- Posted August 26, 2009 by
Santa Clarita, California
This iReport is part of an assignment:
Passions over health care reform
Future of Healthcare in America
Healthcare in America.
I don't think anyone is complaining about the quality of care in the United States. And if they are, it's likely it's in relationship to cost. Why then, are we talking so much about healthcare reform? We have the best medical technology in the world so quality has really never been an issue. At the core of the healthcare debate, is cost. Cost for the average consumer when he walks in to the E.R. But our government won't be able to get the job done.
First, I have a hard time believing that the government will be able to keep costs down. You hear the politicians speak about eliminating waste and fraud. But when has our government shown the propensity to do this? When has the government effectively managed domestic programs? Sure, Medicare is available, but with unfunded liabilities nearly reaching $30 Trillion over the next 75 years, can anyone say that's effective management? Or that just a few more regulations will drive down cost? The government knows only one thing: Consumption. Government consumes your wealth. YOUR WEALTH. There is no such thing as an effective central economic planner. Many have tried and failed. It's just not possible to predict where the market is going and what it will do. And with our government so deep in debt and our unfunded liabilities growing everyday, two questions have to arise from this debate: 1. Can we afford this? And 2. Is there another way?
Since we obviously can't afford this plan, no matter how creative the administration likes to do economics, there has to be another option. And there is. But you're probably not going to like it: Free Market Healthcare.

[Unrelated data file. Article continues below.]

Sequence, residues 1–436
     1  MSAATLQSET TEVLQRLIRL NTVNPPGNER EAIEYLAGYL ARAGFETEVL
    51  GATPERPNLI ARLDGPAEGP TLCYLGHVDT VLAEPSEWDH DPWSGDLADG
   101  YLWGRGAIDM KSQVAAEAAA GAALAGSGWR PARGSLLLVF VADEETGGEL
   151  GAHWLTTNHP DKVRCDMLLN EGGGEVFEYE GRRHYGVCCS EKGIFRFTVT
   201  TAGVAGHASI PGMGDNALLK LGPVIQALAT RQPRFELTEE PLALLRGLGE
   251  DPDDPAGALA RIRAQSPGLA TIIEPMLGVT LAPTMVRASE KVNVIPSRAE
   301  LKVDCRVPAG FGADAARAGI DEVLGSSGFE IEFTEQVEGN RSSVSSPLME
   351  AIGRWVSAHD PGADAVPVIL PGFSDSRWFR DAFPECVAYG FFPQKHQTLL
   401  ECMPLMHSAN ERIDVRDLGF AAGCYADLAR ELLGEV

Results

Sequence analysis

First off, lets clear the misconception that what we have here in this country is considered free market healthcare. For those who would demonize the marketplace and BigPharma's lobbyist, you can't have it both ways. It's either the FREE market, or corporate cronyism. Corporate cronyism is what has delivered this mess. Big pharmaceutical companies were able to lobby for regulation that discourages competition by increasing the red tape. It's government interference in the marketplace that has caused this. And if you really believe that, the answer to this problem is simple: Get the government out of healthcare.
The best example I can come up with, would be my grandpa Jack. He died several years ago of lung cancer. He was on a medication that was helping him. It was an herb that was actually slowing the growth of the cancer. He was one of its testers, because the FDA was in the midst of approving it...or so we thought. FDA denied it. Likely for financial reasons. I mean, who want to buy the BigPharma products if a simple herb was doing more to help?
I know the idea scares some people. But when it comes down to it, I trust myself with MY decisions on healthcare and insurance, rather then the government.
Say the government allowed insurers to sell between state lines. You wouldn't have to have health insurance offered through your employer all the time now. Which means you wouldn't have to be employed by bigger companies to have affordable health insurance. Health insurance, instead of being on a 1 year contractual basis, could be sold like term life insurance. That would dramatically reduce the cost of care in this country. Also, because the contract would be with a business that aims to lower costs for its own bottom line, hospitals wouldn't have the ability to write off every procedure at the maximum cost, which would save our government LOTS of money.
I guess the underlying question, for me, is this: If the only difference between conservatives and liberals on the healthcare issue, is how much we trust people versus how much we trust our government, what side do you want to be on? Because there is no experimenting with socialized medicine. Once that ball starts rolling, it's never going to go away. No one is going to be able to introduce a bill to make it disappear, no matter how far in debt the country becomes.